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Location: X

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Charter Date: date

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Meeting date: Third Wednesday







St. John's Lodge in Providence was organized February 17, 1757, the Charter for such organization bearing date January 18, 1757. Bro. John Burgess was the first Wor. Master. Among the first initiates was Joseph Brown, one of the patriotic merchants of providence, the second Wor. Master of the Lodge. He served from 1762 until 1778. John Brown and Moses Brown were also among the early initiates. During the early years, the Lodge was accustomed to hold its meetings in some tavern or private dwelling-house. The “White Horse Tavern” which stood on North Main Street, at the corner of Arsenal Lane, as is supposed, was its first place of meeting. The next place of meeting was at the “Widow Kilton’s,” on the site of which stands the brick block, on the corner of North Main and Haymarket streets. Later it met at the “Two Crowns.” Afterwards the Lodge met at the house operated by Bro. Noah mason.

From 1769 until 1778, the Lodge was dormant. On July 15th of the last-named year, it was revived under the authority of a Commission from John Rowe, Grand Master of Masons in Massachusetts, issued to Jabez Bowen, later Deputy Governor of Rhode Island, who was thus authorized to act as master and reorganize the Lodge. Under his able leadership a new era of prosperity dawned. Meetings were held in the Council Chamber of the State House. Candidates of ability and excellent character applied to be admitted to its membership; among these were Joseph and John Brown and Abraham Whipple, commander of the expedition which captured and burned the Gaspee. It could hardly have been by chance that these men, prominent members of St. Johns Lodge in Providence, were thus associated.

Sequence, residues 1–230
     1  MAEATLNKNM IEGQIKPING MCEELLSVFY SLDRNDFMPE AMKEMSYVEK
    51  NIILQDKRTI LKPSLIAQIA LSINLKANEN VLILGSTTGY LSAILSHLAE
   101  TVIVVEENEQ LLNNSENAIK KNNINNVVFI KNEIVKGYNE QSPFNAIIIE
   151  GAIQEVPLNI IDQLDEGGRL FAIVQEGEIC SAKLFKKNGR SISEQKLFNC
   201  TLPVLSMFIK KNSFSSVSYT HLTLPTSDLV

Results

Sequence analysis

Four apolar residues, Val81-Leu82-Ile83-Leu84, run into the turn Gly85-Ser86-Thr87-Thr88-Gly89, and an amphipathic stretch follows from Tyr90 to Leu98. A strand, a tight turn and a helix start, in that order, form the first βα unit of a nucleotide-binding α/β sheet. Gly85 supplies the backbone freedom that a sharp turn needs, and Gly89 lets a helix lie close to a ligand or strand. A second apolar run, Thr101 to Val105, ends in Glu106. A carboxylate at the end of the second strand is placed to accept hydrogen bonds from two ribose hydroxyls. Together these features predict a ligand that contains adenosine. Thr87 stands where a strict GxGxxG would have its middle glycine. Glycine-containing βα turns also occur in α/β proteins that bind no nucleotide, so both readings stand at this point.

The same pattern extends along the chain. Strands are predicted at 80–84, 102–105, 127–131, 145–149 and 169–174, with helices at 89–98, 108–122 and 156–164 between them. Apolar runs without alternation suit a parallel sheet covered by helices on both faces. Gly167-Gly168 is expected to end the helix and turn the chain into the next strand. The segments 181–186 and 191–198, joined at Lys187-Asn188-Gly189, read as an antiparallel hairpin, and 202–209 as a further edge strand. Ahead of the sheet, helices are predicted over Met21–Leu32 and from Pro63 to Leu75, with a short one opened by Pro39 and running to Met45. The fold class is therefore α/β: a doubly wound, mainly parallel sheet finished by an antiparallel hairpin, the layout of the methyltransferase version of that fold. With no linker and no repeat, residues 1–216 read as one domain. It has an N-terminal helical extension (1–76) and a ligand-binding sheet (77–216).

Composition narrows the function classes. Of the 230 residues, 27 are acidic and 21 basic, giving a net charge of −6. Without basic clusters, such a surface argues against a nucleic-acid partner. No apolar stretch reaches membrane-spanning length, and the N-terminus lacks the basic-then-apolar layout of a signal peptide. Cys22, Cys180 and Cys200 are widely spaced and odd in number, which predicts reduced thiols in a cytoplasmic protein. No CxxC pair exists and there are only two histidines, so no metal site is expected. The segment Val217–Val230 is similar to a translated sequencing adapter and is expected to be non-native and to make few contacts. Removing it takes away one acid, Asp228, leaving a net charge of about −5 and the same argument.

St. John's Lodge in Providence united with its sister Lodge in Newport in organizing the Grand Lodge of Rhode Island in June, 1791. In 1793, St. Johns Lodge was incorporated and granted perpetual succession by the General Assembly. The Charter, engrossed on parchment and bearing the autograph signatures of the State officials for that year, is carefully preserved in the archives of the Grand Lodge. During the same year preliminary steps were taken for the erection of a hall for the use by the Lodge. The sum of $1000 was appropriated for this purpose, and subscriptions were received for the same object.

One year later the hall was completed and ready for use. It was dedicated by Jabez Bowen, then Grand Master. At the time of this dedication of the new hall, the membership in the Lodge was 176. This first Masonic Hall in Providence was not built upon the ground, but was third story added to the old market Building, now occupied by the RI School of Design. It was there that the Masonic bodies met for 56 years, when the city of Providence purchased the property, and other accommodations were secured for the Fraternity.